For the most part, sales have been brisk at these developments. “They have the ability to outperform the rest of the market because they can achieve significant economies of scale in their marketing program, says Gail Lissner, vice president of housing analyst Appraisal Research Counselors and a columnist for New Homes Magazine.

“They also have the ability to transform a neighborhood, she says. “They can achieve critical mass much faster than a stand-alone project.

Home on the rails

It’s rare for an American city to have so many large, mixed-use projects underway in or near its downtown area. This is in part Chicago’s legacy as a national railroad hub, “Player with Railroads and the Nation’s Freight Handler, to quote Carl Sandburg. As the rails faded, vast rail yards and open tracts of land sat vacant. Much of this land faced severe infrastructure challenges, and since downtown was depressed and people were leaving Chicago in droves, residential redevelopment was an unlikely option.

The first of the recent wave of downtown mega-projects, Dearborn Park, was built not because homebuyers were clamoring to live in the Loop, but because the city’s business elite feared what might happen as poor, predominantly African-American residents of South Side pushed north into what looked like a dying downtown.

The design was insular, almost fortress-like, with a density that, by necessity, was much lower than originally envisioned. Still, despite its modest (some would say cynical) beginning, the homes sold and the project helped create a new vision of the possibilities for living downtown. Dearborn Park paved the way for Central Station, which sits on 80 acres once owned by the Illinois Central Railroad directly south of Grant Park. The site sat empty for nearly two decades. “With the deterioration of the South Side over time, very few people had a cause to be down here, says Timothy B. Desmond, president of Central Station Development Corp., a partnership between Fogelson Companies and Forest City Enterprises.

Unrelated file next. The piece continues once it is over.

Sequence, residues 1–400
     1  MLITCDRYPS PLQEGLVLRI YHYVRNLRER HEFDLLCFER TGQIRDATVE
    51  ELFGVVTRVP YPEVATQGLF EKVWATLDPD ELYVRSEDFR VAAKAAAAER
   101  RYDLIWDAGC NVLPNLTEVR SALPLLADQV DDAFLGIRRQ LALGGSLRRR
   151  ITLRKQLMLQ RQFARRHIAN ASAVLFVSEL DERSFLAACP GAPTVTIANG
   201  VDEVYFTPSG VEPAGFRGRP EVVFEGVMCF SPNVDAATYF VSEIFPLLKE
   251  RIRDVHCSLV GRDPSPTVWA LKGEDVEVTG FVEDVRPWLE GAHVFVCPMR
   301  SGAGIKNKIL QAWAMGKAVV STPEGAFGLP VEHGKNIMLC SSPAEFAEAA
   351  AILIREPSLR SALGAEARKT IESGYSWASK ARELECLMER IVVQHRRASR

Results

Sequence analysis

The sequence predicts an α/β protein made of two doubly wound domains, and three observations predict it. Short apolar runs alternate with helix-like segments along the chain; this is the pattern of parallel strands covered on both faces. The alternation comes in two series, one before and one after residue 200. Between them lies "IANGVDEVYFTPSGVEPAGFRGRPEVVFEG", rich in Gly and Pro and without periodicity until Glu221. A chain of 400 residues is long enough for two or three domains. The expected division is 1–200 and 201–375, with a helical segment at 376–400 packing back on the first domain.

Desmond’s team bought the property in 1989, encouraged by a spate of loft conversions in the area. It imposed the city grid, extending Roosevelt Road and Indiana Avenue, and divided the site into sub-neighborhoods. The first of these, Prairie District Homes, includes about 1,200 homes and is almost completed, Desmond says. Museum Park, developed through a partnership with The Enterprise Companies, has built all but 1,000 of its 4,000 homes, Desmond says.

“In this market, we’re selling anywhere between four and seven units a week, says Ron Shipka, Sr., principal in The Enterprise Companies. “I think this is pretty reflective of what happens in the creation of a neighborhood. People just get more excited as these places create their own synergy.

A third sub-neighborhood of Central Station is in the planning stages. It’s zoned for as many as 3,000 units, Desmond says. When Central Station wraps up, he estimates that it will include 7,000 to 8,000 new homes.

Lakeshore East, Magellan Development Group’s community of 16 buildings (most of them high-rises) under construction between Millennium Park and the Chicago River west of Lake Shore Drive, was also owned by the Illinois Central (although the 28-acre site, land leftover from the never-completed Illinois Center development, was subsequently used as a nine-hole golf course).